Report: Nuggets trading JaMychal Green to Thunder in salary dump/pick exchange
Well, Denver is already trimming payroll.
The Nuggets are sending JaMychal Green – who has an $8.2 million player option for next season – and a future first-round pick to the Thunder for the No. 30 pick in this year’s draft and two second-rounders.
Adrian Wojnarowski of ESPN:
ESPN Sources: Denver is trading F JaMychal Green and a protected 2027 first-round pick to Oklahoma City for the No. 30 pick in this month’s NBA Draft and two future second-round picks. Nuggets have No. 21 and 30 in this draft now and Thunder has Nos. 2, 12 and 34.— Adrian Wojnarowski (@wojespn) June 13, 2022
Green is expected to exercise his $8.2M contract for 2022-2023. Deal gives Nuggets flexibility to use a $6.4M tax mid-level exception or an $8.2M trade exception in offseason. Nuggets expect to be a tax-paying team. Thunder have $31M in cap space to absorb Green salary.— Adrian Wojnarowski (@wojespn) June 13, 2022
Presumably, Green is getting treated in this trade as carrying negative value. That’s reflected in him opting in (necessary for this trade to happen) rather than re-entering free agency this summer and Oklahoma City of all teams acquiring him.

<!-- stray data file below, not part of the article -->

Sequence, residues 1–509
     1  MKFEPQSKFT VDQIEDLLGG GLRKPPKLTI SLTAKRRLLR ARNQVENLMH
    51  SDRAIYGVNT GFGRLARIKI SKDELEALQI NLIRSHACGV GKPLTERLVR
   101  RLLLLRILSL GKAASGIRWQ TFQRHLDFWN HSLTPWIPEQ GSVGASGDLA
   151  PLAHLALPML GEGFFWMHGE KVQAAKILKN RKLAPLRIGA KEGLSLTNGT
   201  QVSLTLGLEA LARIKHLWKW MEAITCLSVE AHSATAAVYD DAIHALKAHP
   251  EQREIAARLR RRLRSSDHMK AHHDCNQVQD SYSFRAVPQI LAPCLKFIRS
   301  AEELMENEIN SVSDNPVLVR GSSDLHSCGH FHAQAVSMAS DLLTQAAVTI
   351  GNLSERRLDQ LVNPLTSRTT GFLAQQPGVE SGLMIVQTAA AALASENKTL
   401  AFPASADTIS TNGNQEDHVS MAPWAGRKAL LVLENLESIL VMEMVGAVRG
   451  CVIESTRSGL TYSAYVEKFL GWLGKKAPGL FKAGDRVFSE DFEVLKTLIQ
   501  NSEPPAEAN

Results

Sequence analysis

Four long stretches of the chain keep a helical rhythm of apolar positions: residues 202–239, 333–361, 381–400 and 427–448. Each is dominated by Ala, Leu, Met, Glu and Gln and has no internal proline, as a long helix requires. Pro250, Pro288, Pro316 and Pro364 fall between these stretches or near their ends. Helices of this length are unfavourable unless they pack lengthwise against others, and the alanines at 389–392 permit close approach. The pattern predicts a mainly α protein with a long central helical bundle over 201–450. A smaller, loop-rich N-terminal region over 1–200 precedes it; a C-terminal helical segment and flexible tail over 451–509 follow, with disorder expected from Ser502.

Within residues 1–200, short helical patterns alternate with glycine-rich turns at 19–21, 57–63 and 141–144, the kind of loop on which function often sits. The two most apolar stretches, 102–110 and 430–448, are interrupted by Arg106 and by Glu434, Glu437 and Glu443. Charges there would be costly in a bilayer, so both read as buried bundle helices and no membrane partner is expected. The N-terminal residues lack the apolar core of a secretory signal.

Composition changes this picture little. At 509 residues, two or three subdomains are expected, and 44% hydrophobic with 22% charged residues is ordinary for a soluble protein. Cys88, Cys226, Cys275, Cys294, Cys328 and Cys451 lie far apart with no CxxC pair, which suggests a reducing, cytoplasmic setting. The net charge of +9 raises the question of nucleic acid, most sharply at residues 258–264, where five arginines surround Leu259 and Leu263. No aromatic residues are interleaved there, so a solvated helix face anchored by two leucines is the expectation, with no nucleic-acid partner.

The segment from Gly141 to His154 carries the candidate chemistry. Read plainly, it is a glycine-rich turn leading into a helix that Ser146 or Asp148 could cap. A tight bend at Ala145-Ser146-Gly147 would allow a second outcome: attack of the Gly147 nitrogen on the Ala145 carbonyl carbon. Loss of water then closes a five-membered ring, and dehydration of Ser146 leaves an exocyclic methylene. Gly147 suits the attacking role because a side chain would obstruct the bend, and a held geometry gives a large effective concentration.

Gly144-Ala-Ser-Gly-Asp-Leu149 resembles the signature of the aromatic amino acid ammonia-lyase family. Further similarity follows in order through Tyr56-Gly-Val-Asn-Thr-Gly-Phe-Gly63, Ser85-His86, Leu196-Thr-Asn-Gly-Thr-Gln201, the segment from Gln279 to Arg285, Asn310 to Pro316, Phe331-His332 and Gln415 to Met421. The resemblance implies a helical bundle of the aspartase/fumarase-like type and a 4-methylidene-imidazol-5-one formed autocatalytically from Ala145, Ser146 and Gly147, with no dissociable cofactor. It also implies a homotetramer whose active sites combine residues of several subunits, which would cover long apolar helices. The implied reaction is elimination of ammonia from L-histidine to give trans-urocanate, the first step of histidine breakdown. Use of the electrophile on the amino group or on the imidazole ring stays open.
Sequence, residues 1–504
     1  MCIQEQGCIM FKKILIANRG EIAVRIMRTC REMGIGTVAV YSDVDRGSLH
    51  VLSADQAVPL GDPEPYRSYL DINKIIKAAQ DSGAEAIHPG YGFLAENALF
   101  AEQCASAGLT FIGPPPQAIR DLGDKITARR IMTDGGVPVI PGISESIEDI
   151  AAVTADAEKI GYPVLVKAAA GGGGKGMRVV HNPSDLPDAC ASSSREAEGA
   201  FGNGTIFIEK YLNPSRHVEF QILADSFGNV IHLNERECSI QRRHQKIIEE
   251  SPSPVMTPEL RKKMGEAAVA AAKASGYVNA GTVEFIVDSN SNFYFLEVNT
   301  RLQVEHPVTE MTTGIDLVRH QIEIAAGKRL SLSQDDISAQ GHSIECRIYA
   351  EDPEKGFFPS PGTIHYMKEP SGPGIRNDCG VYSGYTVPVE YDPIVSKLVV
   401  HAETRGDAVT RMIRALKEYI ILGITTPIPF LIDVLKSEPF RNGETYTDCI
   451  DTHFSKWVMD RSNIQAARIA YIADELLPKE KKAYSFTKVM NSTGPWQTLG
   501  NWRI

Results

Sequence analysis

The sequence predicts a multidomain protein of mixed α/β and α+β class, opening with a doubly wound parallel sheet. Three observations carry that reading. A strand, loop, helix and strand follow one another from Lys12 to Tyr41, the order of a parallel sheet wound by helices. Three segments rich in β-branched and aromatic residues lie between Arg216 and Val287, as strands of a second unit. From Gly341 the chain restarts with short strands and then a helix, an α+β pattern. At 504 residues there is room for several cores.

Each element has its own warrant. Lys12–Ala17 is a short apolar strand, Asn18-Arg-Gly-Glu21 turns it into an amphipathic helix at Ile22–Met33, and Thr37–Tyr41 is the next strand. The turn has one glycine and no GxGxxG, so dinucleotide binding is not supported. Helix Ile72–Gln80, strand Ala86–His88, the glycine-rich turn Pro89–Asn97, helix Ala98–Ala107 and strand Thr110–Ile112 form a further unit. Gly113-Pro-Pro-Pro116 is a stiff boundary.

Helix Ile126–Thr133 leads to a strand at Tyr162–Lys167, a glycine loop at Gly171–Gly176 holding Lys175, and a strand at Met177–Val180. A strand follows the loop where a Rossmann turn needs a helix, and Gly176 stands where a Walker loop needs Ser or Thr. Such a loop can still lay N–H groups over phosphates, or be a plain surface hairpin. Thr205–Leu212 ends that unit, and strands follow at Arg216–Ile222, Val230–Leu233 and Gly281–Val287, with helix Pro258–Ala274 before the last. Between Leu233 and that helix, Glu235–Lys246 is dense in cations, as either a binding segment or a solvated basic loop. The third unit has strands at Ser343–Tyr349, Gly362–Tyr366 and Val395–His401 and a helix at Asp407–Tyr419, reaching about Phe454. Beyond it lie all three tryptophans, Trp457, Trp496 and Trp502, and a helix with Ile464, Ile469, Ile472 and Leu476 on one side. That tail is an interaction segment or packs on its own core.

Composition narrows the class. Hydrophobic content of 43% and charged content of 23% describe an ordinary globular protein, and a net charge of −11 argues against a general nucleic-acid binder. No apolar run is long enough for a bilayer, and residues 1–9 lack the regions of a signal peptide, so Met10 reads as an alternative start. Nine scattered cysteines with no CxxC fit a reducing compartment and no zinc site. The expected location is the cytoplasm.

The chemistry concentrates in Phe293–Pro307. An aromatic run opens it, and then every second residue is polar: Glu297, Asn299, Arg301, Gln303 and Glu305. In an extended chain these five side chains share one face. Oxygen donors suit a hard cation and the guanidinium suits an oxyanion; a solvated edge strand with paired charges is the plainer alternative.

The rebuilding Thunder have little direct use for Green, who’ll turn 32 next week. Maybe they can flip him to a team that more greatly values his on-court contributions – maybe even as part of another salary dump for a player on an even worse contract in a deal that nets Oklahoma City even more draft picks. Buying out or even straight waiving Green are also possible.
For the Thunder, Denver’s 2027 first-round pick is the prize. That can’t land lower than the No. 30 pick surrendered this year (unless the NBA expands). The upside could be far higher, depending on the protections.
Even Oklahoma City has realistic limits on the number of rookies to roster. The Nos. 2, 12 and 34 picks are plenty. That also partially explains why the Thunder were willing include to two second-rounders for what should be a more-valuable single asset in Denver’s 2027 protected first-rounder.
The Nuggets could still pay the luxury tax, but this trade is at least about limiting their tax bill, if not outright avoiding the tax completely. The deal comes at the expense of the on-court product. If maximizing winning were the sole priority, Denver could have used its 2027 pick to acquire a helpful contributor rather than using it to unload Green and his unwanted salary.
Green was in the Nuggets’ rotation last season, though barely. Zeke Nnaji or an outside addition could take his minutes. A stretch power forward who competes defensively, Green could provide depth to a team competing now.
Just not to Denver at $8.2 million.